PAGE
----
That doesn’t mean a person needs to believe in the God of the Bible, adds Jacob. You don’t even have to be part of a group that shares your belief, he said. “It’s not a question of whether your belief is right or wrong. It’s whether you really in your heart of hearts hold it and believe it.”

A nurse gives a dose of the Pfizer vaccine to a 12-year-old boy at a COVID-19 vaccine clinic at Lyman High School in Longwood, Fla., on the day before classes began in August.

A nurse gives a dose of the Pfizer vaccine to a 12-year-old boy at a COVID-19 vaccine clinic at Lyman High School in Longwood, Fla., on the day before classes began in August. Paul Hennessy/SOPA Images/Sipa via AP

Can that encompass any beliefs? If a ­religious belief is too far-fetched, the government will have trouble accepting it. For instance, Universal Life Church ordained millions of people as ministers by mail request and encouraged them to declare themselves tax exempt. The courts denied the exemption and held that such a claim was simply a tax dodge. On the other hand, a 1972 Supreme Court case allowed the Amish to claim a religious exemption from a state law that required kids to attend public school until age 16. The Amish parents sincerely believed their kids should leave school to work on the family farm after eighth grade.

Ultimately, the employers will be the ones tasked with discerning if an individual’s ­religious belief is asserted in good faith, McDonald said. A note from a pastor or documentation pointing to principles of faith shouldn’t be required. But many people use that type of evidence for support as tangible proof that getting a vaccine goes against their religious beliefs. “You can kind of build a case and say, ‘Look, here are these well-­respected Christian writers who have made the same arguments,’” Jacob said.

If a government employer denies a religious exemption, does that violate the free exercise clause in the First Amendment? The Supreme Court has decided only two cases challenging the denial of objections to vaccine mandates. The court upheld the vaccine requirement in both instances, but neither case specifically addressed religious exemptions. Instead, they involved a bodily integrity objection—the right to self-determination of the body—under the due process clause. Also, the cases date to the 1920s, decades before the development of modern-day religious liberty law.

By the 1980s, courts took religious exemption claims to secular laws more seriously. The court applied a tough standard of review known as strict scrutiny: Under strict scrutiny, the government must prove there is a compelling state interest to deny the exemption, and even if it finds one, it must then apply the law by the least restrictive means.

But the free exercise clause has been on shaky ground since 1990 when the U.S. Supreme Court heard a case raised by two members of a Native American church who sought a religious exemption from a law banning the use of peyote, a plant classified as a hallucinogen. Instead of applying the strict scrutiny test, the court held that religious beliefs don’t excuse a person from compliance with a generally applicable secular law.

But the law continued to evolve. And a few years later, Congress enacted the Religious Freedom Restoration Act (RFRA), which restored the Supreme Court’s strict scrutiny approach to the free exercise clause. Only the federal government is bound by RFRA, while state laws vary.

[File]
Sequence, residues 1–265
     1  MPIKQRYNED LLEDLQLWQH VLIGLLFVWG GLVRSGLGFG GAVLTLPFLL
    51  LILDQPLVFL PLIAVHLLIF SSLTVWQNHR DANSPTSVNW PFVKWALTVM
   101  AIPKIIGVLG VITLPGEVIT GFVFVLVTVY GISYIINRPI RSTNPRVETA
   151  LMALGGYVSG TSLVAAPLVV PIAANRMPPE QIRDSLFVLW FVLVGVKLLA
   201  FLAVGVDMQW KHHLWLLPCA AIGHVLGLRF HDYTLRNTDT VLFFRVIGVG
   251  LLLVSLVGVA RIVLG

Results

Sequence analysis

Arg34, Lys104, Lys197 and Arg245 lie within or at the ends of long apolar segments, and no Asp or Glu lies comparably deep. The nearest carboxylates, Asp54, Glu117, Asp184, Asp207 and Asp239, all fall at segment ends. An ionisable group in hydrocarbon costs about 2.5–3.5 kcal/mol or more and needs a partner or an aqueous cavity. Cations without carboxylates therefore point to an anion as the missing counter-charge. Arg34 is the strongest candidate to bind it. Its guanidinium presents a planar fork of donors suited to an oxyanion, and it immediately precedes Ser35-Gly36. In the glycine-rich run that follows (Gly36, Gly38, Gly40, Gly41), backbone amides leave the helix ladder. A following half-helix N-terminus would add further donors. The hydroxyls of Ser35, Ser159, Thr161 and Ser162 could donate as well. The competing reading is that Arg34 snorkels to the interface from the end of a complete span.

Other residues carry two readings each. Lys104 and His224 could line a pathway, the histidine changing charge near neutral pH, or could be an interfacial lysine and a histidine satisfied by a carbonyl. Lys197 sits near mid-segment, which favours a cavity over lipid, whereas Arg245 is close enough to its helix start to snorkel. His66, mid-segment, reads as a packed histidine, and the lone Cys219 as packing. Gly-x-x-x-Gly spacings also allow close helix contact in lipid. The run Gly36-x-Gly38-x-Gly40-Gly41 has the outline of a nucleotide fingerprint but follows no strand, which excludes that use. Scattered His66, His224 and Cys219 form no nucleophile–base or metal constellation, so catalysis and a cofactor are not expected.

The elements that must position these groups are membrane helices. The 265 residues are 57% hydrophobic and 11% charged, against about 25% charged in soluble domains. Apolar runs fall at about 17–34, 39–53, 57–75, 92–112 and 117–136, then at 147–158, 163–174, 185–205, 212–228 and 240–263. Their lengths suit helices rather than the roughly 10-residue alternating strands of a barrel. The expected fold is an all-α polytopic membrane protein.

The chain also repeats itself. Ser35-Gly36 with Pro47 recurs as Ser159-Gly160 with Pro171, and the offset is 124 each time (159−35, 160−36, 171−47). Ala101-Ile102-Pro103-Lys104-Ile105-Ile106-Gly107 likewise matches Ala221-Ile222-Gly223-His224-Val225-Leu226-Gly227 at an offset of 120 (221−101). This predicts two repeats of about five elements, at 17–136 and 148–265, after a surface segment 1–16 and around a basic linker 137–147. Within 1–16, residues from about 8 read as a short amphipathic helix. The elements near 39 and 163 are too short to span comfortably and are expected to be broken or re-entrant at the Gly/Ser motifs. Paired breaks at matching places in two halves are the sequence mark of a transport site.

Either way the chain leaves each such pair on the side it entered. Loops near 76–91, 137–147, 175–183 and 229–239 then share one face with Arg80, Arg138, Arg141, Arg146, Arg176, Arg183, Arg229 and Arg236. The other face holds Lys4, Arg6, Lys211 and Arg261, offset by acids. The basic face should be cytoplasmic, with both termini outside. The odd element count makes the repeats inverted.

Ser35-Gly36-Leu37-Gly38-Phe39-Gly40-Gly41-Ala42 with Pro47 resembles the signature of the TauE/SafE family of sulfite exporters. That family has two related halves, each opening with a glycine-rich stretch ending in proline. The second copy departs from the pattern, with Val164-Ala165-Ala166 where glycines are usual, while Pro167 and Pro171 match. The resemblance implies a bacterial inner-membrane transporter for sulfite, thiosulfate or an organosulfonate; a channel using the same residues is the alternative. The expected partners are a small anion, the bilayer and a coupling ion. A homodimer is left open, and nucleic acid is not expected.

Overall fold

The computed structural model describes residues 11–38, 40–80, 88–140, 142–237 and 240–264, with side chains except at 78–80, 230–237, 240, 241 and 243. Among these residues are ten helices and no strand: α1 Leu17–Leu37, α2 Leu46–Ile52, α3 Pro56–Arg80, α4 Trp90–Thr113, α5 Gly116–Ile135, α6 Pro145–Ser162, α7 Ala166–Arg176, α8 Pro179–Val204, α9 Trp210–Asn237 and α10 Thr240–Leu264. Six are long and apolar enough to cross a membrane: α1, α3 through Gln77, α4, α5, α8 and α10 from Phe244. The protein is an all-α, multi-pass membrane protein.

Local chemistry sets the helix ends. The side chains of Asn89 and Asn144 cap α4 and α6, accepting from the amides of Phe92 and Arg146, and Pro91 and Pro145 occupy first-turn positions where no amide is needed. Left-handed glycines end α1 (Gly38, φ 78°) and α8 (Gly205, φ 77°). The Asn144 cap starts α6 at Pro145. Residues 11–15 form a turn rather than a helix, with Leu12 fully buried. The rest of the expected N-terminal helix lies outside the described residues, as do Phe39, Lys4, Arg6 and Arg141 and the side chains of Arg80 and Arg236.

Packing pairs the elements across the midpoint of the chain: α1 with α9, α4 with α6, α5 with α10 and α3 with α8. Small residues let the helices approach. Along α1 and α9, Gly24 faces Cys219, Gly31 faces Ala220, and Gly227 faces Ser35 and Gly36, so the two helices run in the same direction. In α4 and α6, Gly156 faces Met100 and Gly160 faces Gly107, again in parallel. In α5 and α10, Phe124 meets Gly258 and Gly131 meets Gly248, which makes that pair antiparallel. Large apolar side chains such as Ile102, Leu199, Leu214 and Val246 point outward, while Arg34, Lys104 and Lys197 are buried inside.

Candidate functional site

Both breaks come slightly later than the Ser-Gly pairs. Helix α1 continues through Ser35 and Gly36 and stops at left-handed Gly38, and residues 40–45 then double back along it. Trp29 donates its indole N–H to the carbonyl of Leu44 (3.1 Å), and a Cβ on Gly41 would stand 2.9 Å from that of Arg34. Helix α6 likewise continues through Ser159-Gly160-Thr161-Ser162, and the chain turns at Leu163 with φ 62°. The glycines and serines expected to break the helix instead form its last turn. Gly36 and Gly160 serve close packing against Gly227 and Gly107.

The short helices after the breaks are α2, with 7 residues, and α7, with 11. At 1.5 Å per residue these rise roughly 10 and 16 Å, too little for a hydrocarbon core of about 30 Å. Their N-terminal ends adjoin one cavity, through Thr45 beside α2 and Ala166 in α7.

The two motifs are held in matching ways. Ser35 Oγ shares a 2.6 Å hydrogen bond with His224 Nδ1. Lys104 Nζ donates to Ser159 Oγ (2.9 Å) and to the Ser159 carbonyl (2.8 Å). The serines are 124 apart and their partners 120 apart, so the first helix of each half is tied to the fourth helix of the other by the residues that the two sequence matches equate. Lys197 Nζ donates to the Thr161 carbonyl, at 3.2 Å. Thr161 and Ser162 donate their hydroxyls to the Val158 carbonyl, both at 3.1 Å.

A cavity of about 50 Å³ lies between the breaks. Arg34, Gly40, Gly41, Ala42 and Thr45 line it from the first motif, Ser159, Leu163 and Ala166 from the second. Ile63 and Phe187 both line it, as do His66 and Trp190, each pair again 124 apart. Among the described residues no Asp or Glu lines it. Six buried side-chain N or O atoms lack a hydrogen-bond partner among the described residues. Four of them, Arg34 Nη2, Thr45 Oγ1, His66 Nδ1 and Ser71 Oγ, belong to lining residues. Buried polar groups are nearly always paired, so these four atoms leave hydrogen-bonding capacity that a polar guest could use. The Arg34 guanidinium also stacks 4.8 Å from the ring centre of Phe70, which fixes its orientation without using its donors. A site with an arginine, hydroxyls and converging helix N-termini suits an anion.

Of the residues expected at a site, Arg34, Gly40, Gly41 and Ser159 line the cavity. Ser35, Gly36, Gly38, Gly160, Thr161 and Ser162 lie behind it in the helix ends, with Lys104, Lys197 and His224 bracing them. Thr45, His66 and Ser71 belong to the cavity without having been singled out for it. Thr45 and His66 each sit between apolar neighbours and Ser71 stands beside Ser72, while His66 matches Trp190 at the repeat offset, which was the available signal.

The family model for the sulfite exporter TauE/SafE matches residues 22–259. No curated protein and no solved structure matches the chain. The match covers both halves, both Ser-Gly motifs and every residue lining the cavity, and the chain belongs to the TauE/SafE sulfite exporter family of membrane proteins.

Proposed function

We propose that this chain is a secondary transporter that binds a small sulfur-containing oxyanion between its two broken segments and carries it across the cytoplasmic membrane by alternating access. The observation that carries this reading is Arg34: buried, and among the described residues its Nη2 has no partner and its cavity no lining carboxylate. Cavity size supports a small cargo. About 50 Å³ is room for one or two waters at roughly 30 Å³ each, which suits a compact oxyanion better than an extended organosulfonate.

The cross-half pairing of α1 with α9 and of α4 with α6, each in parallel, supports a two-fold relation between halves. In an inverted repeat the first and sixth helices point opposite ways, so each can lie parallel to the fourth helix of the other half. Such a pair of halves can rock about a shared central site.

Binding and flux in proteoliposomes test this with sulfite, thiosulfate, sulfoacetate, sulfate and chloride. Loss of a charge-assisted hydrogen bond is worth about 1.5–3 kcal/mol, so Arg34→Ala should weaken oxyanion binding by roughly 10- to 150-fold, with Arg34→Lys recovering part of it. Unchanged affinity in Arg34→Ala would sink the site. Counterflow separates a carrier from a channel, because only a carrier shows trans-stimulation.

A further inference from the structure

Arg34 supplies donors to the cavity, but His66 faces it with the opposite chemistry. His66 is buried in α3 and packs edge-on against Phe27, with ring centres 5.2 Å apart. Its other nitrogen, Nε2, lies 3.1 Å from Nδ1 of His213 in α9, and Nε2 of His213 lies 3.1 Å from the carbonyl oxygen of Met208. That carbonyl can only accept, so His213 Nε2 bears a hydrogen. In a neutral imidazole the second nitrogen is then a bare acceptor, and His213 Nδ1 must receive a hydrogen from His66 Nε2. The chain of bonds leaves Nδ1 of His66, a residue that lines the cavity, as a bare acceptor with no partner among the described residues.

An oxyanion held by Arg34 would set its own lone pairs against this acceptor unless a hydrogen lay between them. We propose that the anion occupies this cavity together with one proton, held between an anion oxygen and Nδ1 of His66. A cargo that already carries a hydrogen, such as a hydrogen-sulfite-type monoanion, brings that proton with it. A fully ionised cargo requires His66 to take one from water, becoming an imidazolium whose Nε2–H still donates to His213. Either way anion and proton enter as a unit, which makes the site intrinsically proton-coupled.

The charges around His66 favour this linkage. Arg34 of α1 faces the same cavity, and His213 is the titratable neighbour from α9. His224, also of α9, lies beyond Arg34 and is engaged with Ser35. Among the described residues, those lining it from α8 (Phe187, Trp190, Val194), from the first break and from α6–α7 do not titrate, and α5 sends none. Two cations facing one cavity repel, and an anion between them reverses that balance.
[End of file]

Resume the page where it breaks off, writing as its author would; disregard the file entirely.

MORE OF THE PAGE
“A pandemic is a pretty decent argument about compelling state interest, so even if we’re playing the strict scrutiny game it’s not a sure thing,” Jacob said. Still, he adds, the least restrictive means may translate to offering testing opt-outs or other alternatives.

What about the legalities of a religious exemption in the private sector? Title VII of the Civil Rights Act of 1964 governs most employers. That prevents religious discrimination in the workplace. Again, the first step will require the employer to determine the sincerity of an employee’s belief, said Chumley, the labor law expert. “The EEOC views religious belief very, very broadly, so it doesn’t necessarily have to follow the established tenets of a religion.”

For example, a member of the Catholic Church doesn’t have to be in line with Catholic doctrine. Even though Pope Francis has encouraged the vaccine, a Catholic can still have a different legitimate religious belief, which the legal standard could still cover. Chumley says it’s difficult for an employer to say an employee’s belief is not genuine except in cases of fraud.

But even if a private employer determines the belief is sincere under Title VII only requires the organization to make a reasonable accommodation (an employer doesn’t have to accommodate if doing so would be an undue burden). That requires case-by-case evaluations, Chumley said. An employee who objects to the vaccine mandate might prefer an accommodation to work from home. The employer may reject the request and require the employee to come in to the office, submit to weekly testing, wear a mask, and practice social distancing.

What should employers do? Chumley said some employers have taken the position that there are no reasonable accommodations for not getting the vaccine. Chumley, who advises employers, believes that’s a mistake. “All the regulation and guidance from the EEOC contemplates a one-on-one dialogue, meaning let’s analyze this for each individual person.” He encourages employers to engage, look for feasible alternatives, and document the process.


Jenny Rough

Jenny is a WORLD Radio correspondent and co-host of the Legal Docket podcast. She is a graduate of World Journalism Institute and Pepperdine University Caruso School of Law. Jenny resides with her husband Ron in Alexandria, Va.